Authors: Juliet Rosetti
Tags: #Fiction, #Romance, #Contemporary, #Romantic Comedy, #Suspense, #Humorous
The Sexiest Man Alive
is a work of fiction. Names, places, and incidents either are products of the author’s imagination or are used fictitiously.
A Loveswept eBook Original
Copyright © 2014 by Patricia Kilday
Tangled Thing Called Love
by Juliet Rosetti copyright © 2014 by Patricia Kilday
All rights reserved.
Published in the United States of America by Loveswept, an imprint of Random House, a division of Random House LLC, a Penguin Random House Company, New York.
is a registered trademark and the L
colophon is a trademark of Random House LLC.
eBook ISBN 978-0-345-54916-7
Cover design: Derek Walls
Cover photograph: Renzo
The last time Mazie Maguire had been on a blind date she’d been fifteen years old. She’d been set up with a boy named Derwyn who believed that the way to drive a girl insane with lust was to swirl his tongue around inside her ear. Although Mazie had managed to blot out most of the painful details of that evening, she still couldn’t poke a Q-tip in her ear without shuddering. She’d vowed then that she would never, ever, under any circumstances, go on a blind date again.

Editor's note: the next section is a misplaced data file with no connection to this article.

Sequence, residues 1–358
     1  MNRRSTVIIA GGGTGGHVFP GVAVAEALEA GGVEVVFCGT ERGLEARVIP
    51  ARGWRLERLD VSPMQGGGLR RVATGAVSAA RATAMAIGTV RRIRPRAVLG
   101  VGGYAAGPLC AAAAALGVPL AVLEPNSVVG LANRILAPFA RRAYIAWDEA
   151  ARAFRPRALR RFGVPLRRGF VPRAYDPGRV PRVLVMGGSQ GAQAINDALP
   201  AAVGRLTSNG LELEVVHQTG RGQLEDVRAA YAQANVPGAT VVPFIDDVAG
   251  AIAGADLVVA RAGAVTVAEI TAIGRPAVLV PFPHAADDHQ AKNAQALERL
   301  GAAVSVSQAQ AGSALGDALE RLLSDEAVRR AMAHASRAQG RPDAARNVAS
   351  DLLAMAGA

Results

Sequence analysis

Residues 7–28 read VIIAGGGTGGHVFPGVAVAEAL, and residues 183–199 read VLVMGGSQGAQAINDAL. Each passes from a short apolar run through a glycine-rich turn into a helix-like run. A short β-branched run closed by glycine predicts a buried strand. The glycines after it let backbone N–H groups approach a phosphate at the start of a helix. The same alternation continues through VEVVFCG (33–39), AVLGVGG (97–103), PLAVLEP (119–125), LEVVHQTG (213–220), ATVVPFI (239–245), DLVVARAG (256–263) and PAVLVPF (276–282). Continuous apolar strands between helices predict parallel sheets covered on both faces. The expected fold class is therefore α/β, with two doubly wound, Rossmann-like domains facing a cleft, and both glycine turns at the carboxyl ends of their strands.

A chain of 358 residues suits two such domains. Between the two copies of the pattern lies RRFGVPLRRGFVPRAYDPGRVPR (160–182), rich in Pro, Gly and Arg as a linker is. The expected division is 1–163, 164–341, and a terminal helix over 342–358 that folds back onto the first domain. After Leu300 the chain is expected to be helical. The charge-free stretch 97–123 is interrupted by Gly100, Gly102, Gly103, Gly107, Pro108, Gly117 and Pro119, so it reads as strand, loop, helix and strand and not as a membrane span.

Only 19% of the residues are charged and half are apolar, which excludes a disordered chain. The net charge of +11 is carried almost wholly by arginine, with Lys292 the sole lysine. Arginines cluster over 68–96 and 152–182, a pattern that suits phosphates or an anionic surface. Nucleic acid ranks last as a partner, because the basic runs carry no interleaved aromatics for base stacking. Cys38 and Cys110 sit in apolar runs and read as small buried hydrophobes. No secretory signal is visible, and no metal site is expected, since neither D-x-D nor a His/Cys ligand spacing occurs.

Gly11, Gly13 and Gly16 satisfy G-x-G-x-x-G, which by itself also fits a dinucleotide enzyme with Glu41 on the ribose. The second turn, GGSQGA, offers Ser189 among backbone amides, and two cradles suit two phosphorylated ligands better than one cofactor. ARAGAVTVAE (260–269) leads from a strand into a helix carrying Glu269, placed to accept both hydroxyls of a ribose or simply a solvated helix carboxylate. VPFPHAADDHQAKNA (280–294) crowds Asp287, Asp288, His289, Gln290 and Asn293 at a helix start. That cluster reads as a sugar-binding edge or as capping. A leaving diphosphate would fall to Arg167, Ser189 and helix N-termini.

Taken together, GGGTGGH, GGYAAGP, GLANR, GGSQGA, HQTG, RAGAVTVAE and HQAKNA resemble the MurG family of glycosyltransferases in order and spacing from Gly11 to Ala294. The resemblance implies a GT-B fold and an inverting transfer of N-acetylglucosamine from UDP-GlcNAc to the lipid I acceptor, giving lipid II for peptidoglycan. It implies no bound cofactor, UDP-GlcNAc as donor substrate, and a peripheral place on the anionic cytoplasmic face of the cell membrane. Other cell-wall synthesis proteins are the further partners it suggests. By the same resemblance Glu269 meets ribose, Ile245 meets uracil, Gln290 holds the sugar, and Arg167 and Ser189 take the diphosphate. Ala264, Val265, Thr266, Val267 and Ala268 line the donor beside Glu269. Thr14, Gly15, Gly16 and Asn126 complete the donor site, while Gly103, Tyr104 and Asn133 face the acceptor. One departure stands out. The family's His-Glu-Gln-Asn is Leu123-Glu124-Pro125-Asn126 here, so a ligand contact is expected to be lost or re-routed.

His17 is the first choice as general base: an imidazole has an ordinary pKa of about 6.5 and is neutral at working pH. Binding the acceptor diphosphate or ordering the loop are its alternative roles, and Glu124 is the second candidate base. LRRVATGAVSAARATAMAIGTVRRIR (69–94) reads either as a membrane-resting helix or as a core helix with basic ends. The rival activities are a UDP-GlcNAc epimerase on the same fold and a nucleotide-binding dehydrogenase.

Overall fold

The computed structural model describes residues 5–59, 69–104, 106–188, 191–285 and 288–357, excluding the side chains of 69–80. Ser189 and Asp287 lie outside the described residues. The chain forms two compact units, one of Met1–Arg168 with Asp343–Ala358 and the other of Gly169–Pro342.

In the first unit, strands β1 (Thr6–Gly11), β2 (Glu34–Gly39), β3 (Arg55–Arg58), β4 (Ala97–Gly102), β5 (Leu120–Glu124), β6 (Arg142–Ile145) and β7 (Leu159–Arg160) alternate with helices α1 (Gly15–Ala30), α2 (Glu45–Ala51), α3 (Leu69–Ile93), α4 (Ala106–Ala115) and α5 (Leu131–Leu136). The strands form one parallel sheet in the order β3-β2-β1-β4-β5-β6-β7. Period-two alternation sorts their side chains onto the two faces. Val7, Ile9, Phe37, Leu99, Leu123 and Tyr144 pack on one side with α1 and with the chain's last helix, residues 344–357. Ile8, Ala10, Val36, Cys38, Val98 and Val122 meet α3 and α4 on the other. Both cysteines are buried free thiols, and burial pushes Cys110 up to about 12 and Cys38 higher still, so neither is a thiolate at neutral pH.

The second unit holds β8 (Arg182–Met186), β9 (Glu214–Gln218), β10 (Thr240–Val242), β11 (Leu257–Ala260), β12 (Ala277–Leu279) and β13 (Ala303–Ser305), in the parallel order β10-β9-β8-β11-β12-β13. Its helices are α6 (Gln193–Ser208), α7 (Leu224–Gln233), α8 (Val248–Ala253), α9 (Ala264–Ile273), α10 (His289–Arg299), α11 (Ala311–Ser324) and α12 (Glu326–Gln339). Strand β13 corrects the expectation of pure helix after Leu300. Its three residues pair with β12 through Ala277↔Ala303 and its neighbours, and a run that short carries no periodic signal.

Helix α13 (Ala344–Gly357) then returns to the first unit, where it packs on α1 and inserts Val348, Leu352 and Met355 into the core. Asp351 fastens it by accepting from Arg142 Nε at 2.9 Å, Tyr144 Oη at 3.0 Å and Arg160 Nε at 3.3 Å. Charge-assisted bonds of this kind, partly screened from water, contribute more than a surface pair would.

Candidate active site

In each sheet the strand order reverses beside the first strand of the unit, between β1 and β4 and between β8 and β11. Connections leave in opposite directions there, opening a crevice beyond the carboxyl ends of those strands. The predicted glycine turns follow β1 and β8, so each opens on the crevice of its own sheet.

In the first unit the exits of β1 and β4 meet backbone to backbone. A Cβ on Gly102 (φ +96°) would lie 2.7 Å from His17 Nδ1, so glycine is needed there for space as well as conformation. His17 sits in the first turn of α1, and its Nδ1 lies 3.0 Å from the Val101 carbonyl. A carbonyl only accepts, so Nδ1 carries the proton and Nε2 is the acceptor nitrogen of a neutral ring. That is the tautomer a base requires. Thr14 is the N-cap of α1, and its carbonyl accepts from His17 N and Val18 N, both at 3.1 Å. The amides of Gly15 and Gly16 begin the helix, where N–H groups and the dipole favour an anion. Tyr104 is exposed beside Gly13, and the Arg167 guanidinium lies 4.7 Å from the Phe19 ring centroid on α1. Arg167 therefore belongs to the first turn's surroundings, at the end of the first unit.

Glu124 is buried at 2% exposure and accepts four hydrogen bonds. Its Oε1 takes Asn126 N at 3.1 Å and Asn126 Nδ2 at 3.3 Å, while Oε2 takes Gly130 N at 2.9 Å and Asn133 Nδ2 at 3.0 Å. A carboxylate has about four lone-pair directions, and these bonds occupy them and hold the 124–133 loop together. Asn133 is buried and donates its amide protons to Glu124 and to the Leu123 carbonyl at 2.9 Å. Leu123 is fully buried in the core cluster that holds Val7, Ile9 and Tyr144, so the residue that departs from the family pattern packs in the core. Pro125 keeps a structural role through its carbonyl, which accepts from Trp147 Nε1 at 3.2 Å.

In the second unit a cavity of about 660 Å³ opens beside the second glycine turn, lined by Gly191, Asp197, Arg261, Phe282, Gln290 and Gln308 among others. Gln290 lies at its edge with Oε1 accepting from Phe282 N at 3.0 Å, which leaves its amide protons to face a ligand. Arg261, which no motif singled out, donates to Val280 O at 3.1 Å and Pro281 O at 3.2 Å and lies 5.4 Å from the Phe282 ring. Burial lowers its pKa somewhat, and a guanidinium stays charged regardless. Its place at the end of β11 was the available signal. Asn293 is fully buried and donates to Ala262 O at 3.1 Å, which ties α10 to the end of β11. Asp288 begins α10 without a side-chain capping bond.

She’d kept that promise for fifteen years. But now here she was, pacing the lobby of a second-rate Mexican restaurant, waiting for a complete stranger to show up. He was late, and the hostess was coolly eyeballing Mazie, apparently suspecting her of being a lady of the evening trolling for clients.
Nervously, Mazie checked her reflection in the lobby’s sunburst mirror, tucking a strand of dark, chin-length hair behind her ear. She didn’t
slutty, did she? Maybe she’d gone a little overboard on the mascara. It was navy blue and was supposed to bring out the blue in her eyes. She was wearing a lilac top, a flirty white skirt—short but not
short—and platform heels that the salesclerk had claimed would make her legs look longer and slimmer. Mazie fell for the old
line every time. When you’re barely five foot three, the prospect of longer legs is like the promise of magic cellulite cream: you know it isn’t going to work but allow yourself to get suckered into buying it anyway.
Just like she’d been suckered into this date.